“I’m going to see who really cares. Copy, paste, and send this to 30 friends in the next 98 seconds or you’ll be sexually assaulted.”
You’ve seen the chain posts on social media, and if you’re like me, you’ve scrolled past them, dubious to the adverse effects threatened if you don’t comply.
But Monday was the day I stopped scrolling.
After seeing the fifth or sixth post with the trending hashtag #metoo, which was meant to shed light on the scope of sexual harassment and assault that women face, I googled “How many people are sexually assaulted every hour?” Apparently even that was too hopeful. According to Rape, Abuse & Incest National Network (RAINN) someone is sexually assaulted every 98 seconds in America.
‘Why do I remain silent?’
As a number, 98 is also two pounds short of how much I weighed as a middle school student when I was forced off a hiking path during a field trip and was told by a boy that my elastic-waisted shorts offered “easy access”.
And I’d be willing to bet it took much longer than 98 seconds for another boy to find his keys after he had tried to “convince” me to get into his car. (I’d hurled them into some nearby woods in an attempt to thwart his efforts.)
I do not feel ashamed of these stories, for I am one of the fortunate women who have not been convinced by society that sexual assault and harassment is our own fault. But before the #metoo hashtag, nobody had heard my stories. As I continued reading other stories about sexual harassment and assault, I wondered an important question: “Why do I remain silent?”
#MeToo: Breaking the silence
For me, the answer lies in my internal struggle with how to respond to friends and family who have posted their stories on Facebook. Do I choose to like or love their bravery? Do I select the angry or sad face to express my own ignorance to their trauma? Or do I click the shocked face, even though I’m not all that shocked after 47 posts? (Yes, I counted.)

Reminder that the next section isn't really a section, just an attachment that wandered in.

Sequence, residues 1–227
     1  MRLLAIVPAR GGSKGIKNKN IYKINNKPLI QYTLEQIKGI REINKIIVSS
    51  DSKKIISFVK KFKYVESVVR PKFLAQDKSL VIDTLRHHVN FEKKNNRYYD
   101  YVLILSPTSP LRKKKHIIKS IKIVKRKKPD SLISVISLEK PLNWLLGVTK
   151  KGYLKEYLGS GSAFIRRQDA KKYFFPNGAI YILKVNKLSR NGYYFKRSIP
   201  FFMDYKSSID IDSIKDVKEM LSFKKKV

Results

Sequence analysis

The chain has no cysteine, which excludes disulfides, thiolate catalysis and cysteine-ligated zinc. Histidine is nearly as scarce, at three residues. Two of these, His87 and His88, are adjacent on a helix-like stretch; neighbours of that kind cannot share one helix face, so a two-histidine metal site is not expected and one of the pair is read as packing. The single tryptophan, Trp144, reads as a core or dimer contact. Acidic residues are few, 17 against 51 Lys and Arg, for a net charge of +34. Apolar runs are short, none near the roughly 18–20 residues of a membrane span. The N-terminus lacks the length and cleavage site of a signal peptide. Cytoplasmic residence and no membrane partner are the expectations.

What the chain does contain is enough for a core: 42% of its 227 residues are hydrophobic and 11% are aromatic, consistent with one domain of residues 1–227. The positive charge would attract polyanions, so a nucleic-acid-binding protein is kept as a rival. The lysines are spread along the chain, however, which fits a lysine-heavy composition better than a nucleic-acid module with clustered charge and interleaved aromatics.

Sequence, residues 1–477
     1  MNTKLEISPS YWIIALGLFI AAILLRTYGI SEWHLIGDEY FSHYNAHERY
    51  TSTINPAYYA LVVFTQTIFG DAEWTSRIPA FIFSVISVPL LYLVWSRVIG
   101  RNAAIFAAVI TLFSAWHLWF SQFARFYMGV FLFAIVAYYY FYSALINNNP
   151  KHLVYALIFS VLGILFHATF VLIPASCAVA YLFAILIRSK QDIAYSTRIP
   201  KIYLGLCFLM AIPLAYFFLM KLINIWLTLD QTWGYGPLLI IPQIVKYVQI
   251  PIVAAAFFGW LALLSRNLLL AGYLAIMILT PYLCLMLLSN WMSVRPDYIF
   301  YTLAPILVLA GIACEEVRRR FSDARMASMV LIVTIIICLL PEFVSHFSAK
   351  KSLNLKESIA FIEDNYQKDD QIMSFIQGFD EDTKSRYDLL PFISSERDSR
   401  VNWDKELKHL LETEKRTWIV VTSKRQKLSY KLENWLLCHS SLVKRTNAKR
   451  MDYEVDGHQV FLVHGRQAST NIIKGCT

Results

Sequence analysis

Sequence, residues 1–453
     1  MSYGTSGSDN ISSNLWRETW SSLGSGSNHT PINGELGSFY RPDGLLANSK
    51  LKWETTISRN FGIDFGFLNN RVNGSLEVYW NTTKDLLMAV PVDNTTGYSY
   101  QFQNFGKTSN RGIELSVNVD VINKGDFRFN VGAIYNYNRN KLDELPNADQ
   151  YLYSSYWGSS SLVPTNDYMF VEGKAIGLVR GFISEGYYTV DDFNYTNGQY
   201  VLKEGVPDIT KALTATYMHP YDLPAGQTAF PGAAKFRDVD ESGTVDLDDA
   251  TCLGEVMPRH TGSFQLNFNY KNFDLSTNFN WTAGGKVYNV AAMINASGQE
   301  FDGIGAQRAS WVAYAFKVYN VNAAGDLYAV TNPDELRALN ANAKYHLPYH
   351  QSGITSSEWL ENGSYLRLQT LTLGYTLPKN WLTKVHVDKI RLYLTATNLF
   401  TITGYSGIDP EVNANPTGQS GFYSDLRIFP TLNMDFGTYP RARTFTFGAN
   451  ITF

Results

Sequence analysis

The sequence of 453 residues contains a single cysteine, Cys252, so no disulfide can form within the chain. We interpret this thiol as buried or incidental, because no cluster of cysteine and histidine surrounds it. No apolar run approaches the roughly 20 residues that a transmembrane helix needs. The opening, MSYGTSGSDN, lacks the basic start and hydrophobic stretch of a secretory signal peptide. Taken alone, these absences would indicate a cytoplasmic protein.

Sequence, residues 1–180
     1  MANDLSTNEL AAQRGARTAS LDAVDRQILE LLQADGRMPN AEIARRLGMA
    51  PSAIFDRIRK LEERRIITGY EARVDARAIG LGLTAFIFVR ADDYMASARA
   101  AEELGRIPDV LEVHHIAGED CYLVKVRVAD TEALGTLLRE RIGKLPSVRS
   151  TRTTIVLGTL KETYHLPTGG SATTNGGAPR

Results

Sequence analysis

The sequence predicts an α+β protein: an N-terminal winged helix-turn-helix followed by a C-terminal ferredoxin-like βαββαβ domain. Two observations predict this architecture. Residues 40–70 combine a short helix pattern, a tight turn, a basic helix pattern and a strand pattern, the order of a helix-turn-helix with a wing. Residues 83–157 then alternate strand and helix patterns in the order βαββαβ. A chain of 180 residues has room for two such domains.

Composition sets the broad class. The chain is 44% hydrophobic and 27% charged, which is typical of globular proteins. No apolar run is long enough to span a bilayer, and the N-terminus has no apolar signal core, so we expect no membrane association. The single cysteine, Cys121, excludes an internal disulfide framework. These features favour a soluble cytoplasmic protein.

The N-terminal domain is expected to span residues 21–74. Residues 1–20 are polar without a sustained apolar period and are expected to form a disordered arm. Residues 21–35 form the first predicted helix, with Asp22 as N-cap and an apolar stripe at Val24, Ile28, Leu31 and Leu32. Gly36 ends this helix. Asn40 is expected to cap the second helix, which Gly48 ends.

We don’t know how to talk about sexual harassment and assault. We don’t know how to react to it. We may not have even known it existed in our circle. I didn’t.
Every day, at least 98 teenagers walk into my classroom. I don’t tell them that it’s unacceptable to touch someone and then pretend it was an accident as you laugh with your friends. I don’t focus on how whistling at someone and trying to pass it off as a compliment is inappropriate. And I can’t say for certain that, during these students’ four years of high school, anyone else will either.
Yet the state of Oklahoma has charged me with the task of “help[ing] each student realize his or her potential as a worthy and effective member of society.” I’m crazy enough to think this includes how to avoid sexually harassing and assaulting someone, as well as how to deal with being a victim. I have the platform, and plenty of unfortunate experience, but I don’t talk about it.
So, I’m just going to start talking about it. I feel safe enough to while some don’t, and that’s OK. Maybe I won’t start in the classroom, as I still suspect I might get 98 emails from angry parents if I did, but I am going to start telling my stories and welcoming others to do the same.
Maybe, just maybe, I will someday be able to tell my daughter, “We talked about sexual assault in my class today,” and she will confidently say, “Me too!”